The Empty Catch Block: Handling Errors In SQL Server… Weirdly.

Don’t Know Why


Normally people handle errors to… handle errors. But I came across someone doing something sort of interesting recently.

Before we talk about that, let’s talk about the more normal way of capturing errors from T-SQL:

CREATE OR ALTER PROCEDURE
    dbo.error_muffler
(
    @i int
)
AS 
BEGIN
SET NOCOUNT, XACT_ABORT ON;

    BEGIN TRY
    
        SELECT 
            x = 1/@i;
    
    END TRY
    
    BEGIN CATCH
        /*Do some logging or something?*/
        THROW;
    END CATCH;

END;

So if we execute our procedure like this, it’ll throw a divide by zero error:

EXEC dbo.error_muffler 
    @i = 0;

Msg 8134, Level 16, State 1, Procedure dbo.error_muffler, Line 12 [Batch Start Line 33]

Divide by zero error encountered.

Well, good. That’s reasonable.

Empty Iterator


What I recently saw someone doing was using an empty catch block to suppress errors:

CREATE OR ALTER PROCEDURE
    dbo.error_muffler
(
    @i int
)
AS 
BEGIN
SET NOCOUNT, XACT_ABORT ON;

    BEGIN TRY
    
        SELECT 
            x = 1/@i;
    
    END TRY
    
    BEGIN CATCH
        /*Nothing here now*/
    END CATCH;

END;
GO

So if you execute the above proc, all it returns is an empty result with no error message.

Kinda weird.

Like not having finger or toenails.

Trigger Happy


Of course (of course!) this doesn’t work for triggers by default, because XACT_ABORT is on by default..

CREATE TABLE 
    dbo.catch_errors
(
    id int NOT NULL
);
GO

CREATE OR ALTER TRIGGER
    dbo.bury_errors
ON
    dbo.catch_errors
AFTER INSERT
AS
BEGIN
    BEGIN TRY
        UPDATE c
            SET c.id = NULL
        FROM dbo.catch_errors AS c;
    END TRY
    BEGIN CATCH

    END CATCH;
END;
GO

If we try to insert a row here, we’ll get a really weird error message, unswallowed.

INSERT 
    dbo.catch_errors
(
    id
)
VALUES
(
    1
);

Womp:

Msg 3616, Level 16, State 1, Line 29

An error was raised during trigger execution. The batch has been aborted and the user transaction, if any, has been rolled back.

If we were to SET XACT_ABORT OFF; in the trigger definition, it would work as expected.

Thanks for reading!

Going Further


If this is the kind of SQL Server stuff you love learning about, you’ll love my training. I’m offering a 75% discount on to my blog readers if you click from here. I’m also available for consulting if you just don’t have time for that and need to solve performance problems quickly.

Trying Out Azure Data Studio Query Plans

Do You Really Wanna Hurt Me?


Hi, I’m Erik. You may remember me from such hits as Make ADS An Optional Install Alongside SSMS.

While I still don’t install Azure Data Studio by default, I heard recently from Erin Stellato (t) that there’s a preview of real, live, actual execution plans out now.

Since not having query plans available was one of my chief gripes about ADS, I figured this was a good time to install it.

The pro here is that it looks like the query plan assets are much higher DPI than the ones in SSMS, but… I still can’t picture using it every day just yet.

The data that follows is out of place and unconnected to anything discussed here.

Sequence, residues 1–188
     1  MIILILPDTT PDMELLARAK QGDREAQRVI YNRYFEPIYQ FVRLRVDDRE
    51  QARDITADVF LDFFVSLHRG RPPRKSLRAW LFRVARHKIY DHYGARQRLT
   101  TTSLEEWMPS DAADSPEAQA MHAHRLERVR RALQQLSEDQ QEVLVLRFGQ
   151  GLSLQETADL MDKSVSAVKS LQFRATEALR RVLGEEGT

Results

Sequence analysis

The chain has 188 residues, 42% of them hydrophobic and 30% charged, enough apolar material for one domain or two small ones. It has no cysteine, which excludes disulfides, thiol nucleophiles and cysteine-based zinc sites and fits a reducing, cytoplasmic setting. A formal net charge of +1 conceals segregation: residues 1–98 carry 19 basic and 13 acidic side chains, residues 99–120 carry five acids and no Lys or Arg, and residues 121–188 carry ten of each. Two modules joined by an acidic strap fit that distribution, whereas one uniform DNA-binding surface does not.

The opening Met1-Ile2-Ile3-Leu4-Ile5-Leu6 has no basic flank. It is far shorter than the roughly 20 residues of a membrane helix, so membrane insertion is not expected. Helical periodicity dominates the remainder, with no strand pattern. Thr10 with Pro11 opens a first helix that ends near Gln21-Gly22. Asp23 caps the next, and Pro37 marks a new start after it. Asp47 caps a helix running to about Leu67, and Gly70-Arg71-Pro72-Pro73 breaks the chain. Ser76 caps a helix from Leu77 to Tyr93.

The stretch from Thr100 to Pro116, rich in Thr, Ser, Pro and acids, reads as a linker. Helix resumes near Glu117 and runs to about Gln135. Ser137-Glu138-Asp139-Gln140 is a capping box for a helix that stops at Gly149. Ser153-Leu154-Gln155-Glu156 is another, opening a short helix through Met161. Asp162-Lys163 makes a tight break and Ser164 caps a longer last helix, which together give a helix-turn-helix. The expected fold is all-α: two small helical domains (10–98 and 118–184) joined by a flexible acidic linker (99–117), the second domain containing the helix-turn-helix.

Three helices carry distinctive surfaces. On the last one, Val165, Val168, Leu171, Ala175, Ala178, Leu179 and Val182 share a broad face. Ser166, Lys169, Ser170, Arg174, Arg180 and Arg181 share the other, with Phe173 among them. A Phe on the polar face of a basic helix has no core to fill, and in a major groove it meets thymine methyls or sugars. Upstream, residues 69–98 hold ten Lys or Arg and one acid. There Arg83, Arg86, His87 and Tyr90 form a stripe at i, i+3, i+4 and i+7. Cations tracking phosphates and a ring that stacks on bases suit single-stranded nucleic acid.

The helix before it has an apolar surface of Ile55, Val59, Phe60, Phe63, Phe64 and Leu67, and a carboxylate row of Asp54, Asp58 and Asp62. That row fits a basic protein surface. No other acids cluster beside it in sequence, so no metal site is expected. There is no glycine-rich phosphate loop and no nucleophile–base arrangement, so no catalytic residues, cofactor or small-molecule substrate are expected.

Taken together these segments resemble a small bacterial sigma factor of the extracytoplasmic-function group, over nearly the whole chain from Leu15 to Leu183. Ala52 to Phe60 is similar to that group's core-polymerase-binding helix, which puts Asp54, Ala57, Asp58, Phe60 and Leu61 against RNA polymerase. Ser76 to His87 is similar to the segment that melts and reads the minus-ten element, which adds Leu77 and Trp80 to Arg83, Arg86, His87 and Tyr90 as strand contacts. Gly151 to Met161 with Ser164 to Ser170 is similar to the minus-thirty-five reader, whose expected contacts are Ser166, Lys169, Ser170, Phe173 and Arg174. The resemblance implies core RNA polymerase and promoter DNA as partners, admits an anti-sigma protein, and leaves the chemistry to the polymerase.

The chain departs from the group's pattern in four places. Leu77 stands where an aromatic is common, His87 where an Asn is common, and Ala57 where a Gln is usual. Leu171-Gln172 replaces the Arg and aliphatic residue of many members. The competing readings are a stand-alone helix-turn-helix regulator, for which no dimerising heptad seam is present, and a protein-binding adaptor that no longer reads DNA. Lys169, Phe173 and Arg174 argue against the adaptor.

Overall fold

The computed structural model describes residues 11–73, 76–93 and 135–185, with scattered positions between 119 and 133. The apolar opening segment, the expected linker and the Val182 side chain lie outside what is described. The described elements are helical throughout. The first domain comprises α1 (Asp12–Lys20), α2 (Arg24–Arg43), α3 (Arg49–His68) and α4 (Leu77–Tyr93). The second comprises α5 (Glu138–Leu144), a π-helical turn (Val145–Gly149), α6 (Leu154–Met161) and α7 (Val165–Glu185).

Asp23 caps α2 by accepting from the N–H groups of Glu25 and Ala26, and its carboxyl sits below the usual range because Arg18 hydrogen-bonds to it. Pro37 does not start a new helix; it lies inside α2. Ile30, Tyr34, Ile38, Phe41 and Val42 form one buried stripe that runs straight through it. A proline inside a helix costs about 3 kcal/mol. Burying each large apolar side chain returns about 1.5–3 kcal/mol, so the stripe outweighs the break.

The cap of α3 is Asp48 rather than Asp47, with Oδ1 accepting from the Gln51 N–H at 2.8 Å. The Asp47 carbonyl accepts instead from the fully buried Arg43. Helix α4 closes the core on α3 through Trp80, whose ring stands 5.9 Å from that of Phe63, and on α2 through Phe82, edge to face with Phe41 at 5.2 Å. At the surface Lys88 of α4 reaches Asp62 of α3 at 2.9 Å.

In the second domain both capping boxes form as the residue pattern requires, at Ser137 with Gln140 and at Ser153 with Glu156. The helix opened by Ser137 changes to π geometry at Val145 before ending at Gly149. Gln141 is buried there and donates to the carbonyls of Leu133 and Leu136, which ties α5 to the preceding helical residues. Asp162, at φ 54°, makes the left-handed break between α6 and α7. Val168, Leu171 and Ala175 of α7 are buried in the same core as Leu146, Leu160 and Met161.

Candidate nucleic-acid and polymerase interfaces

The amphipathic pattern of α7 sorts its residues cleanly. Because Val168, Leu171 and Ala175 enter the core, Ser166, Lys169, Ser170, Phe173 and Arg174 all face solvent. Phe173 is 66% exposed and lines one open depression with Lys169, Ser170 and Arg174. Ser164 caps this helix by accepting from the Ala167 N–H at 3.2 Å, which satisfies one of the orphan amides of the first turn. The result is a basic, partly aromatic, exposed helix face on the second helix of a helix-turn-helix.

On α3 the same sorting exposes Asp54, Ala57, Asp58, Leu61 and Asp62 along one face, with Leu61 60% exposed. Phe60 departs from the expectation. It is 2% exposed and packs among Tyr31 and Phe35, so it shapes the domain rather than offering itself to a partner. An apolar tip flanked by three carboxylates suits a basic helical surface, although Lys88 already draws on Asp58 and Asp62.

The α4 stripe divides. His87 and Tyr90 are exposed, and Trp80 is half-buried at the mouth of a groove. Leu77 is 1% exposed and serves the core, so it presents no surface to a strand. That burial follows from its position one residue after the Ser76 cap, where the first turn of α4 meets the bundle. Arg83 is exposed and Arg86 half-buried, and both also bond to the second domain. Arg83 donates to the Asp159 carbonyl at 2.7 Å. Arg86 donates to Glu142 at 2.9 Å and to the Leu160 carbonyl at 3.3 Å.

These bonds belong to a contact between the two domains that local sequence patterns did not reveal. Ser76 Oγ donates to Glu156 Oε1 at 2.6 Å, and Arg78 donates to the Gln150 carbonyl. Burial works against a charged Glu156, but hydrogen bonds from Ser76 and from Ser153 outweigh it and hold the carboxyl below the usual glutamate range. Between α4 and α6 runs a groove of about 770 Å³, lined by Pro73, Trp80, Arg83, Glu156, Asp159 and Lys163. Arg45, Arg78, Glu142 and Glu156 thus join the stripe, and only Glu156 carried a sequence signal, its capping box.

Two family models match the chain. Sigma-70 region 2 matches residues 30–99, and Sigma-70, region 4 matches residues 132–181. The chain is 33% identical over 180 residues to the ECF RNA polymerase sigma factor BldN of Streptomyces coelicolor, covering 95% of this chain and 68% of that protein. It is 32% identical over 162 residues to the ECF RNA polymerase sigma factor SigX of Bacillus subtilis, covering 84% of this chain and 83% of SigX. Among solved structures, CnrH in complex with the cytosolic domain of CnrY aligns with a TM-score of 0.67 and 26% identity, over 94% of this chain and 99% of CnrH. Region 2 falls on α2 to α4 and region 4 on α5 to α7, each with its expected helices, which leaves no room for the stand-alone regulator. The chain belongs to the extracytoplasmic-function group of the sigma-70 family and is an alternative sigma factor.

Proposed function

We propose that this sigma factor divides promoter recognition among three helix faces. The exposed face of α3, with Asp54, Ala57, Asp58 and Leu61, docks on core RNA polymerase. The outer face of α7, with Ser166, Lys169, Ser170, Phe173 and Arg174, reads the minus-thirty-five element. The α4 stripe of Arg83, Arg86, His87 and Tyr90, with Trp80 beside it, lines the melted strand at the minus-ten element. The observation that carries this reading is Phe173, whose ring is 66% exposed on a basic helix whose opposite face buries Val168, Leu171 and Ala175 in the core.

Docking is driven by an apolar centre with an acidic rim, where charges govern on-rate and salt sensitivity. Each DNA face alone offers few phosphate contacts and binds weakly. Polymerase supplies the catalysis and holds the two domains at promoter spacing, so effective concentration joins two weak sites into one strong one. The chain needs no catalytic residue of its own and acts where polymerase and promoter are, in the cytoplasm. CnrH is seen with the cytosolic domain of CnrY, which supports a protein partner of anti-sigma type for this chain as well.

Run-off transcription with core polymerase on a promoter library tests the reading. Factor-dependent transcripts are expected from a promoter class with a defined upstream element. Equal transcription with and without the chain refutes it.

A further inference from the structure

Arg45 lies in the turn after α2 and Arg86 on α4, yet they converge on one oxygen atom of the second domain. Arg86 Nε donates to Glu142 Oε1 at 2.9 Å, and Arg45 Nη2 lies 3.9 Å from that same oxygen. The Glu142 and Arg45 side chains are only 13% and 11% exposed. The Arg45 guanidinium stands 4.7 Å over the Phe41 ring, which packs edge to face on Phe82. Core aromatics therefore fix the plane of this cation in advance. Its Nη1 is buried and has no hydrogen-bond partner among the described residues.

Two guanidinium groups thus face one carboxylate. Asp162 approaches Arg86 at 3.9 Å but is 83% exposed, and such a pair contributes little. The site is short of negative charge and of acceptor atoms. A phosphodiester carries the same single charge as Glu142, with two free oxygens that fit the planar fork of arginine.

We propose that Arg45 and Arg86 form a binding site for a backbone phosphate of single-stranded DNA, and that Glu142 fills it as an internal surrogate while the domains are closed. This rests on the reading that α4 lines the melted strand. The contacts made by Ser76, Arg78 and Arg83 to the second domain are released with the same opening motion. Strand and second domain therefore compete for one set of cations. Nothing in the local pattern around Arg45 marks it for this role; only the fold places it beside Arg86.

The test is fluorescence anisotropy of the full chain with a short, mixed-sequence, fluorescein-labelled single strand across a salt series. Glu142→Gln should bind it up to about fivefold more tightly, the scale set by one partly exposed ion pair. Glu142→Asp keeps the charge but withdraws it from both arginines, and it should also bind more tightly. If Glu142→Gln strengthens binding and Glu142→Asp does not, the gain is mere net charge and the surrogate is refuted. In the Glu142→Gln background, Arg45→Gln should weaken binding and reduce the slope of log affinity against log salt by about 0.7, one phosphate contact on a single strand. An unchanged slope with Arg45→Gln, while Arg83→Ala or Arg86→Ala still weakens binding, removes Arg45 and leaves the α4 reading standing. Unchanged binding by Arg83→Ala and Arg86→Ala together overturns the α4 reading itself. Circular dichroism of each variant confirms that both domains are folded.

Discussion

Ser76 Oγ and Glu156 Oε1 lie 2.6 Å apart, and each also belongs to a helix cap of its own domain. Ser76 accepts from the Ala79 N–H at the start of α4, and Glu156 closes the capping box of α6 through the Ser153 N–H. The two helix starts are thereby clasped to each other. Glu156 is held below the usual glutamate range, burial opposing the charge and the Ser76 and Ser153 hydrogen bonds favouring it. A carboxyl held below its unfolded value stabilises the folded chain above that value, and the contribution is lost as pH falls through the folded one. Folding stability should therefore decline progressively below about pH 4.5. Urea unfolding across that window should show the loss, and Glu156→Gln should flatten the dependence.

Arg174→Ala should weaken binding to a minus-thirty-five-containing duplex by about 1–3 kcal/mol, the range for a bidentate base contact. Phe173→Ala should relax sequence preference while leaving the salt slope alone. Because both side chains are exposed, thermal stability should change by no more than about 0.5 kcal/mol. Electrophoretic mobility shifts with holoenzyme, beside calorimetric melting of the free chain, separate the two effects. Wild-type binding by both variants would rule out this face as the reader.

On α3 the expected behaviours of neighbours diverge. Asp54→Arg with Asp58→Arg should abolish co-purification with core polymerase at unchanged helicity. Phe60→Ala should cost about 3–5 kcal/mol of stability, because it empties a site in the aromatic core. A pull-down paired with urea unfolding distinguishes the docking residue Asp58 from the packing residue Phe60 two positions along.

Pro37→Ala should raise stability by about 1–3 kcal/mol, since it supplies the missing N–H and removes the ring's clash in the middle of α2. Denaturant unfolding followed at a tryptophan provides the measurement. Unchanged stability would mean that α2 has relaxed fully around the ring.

There’s some key stuff missing, like being able to hide query results, and plan operators don’t show parallelism yet. While I hear that a lot of improvements are on the to-do list, between whatever is going on internally along with the GitHub backlog, I have no idea what the timeline is for them.

A Query Plan In Azure Data Studio


If you enable the workbench editor enable preview setting, you can hit CTRL+M to get an actual execution plan. Here’s what it looks like:

SQL Server Query Plan
clean and shiny

The arrow is just to point out the the plan does have parallelism engaged, but it is not shown anywhere (yet, I know, I know).

It is cool that you can get the full properties of any of the operators, and that operator times are consistent with what SSMS shows. Also, I like the highly accusatory, Snag-It style arrows here.

The Same Plan In SSMS


I recently changed the font that my query plans use to one that’s a bit less offensive. The only point here is that in this plan you can see parallelism more easily, and maybe that the operator icons aren’t quite as spiffy.

nice font

Aside from slight variations in CPU timing, the plans are virtually identical. Good!

Kind of.

Six Different Ways


My criticisms of how query plans are displayed are somewhat nit-picky, and I’d even wager that some people might disagree with me on how things should show up.

For example, i think it’s quite confusing that batch mode operators track time differently than row mode operators, and that there’s no real visual indication as to which operators use batch mode. I also very much dislike that in both the ADS and SSMS plans, the index operation is cut off. “Clustered Index S…” doesn’t help anyone.

I’d also find it useful to have an I/O rollup in the root node, where other Query Time Statistics are. But hey.

When you get deeper into things, stuff like a visual indicator of how many times an operator executed, and missing index requests for Eager Index Spools would be nice, too.

Anyway, I’m still not the target audience for ADS (at least so far as I can tell), and I’ll be sticking with SSMS for now, but this is a very nice addition for folks who ADS is more useful for.

Thanks for reading!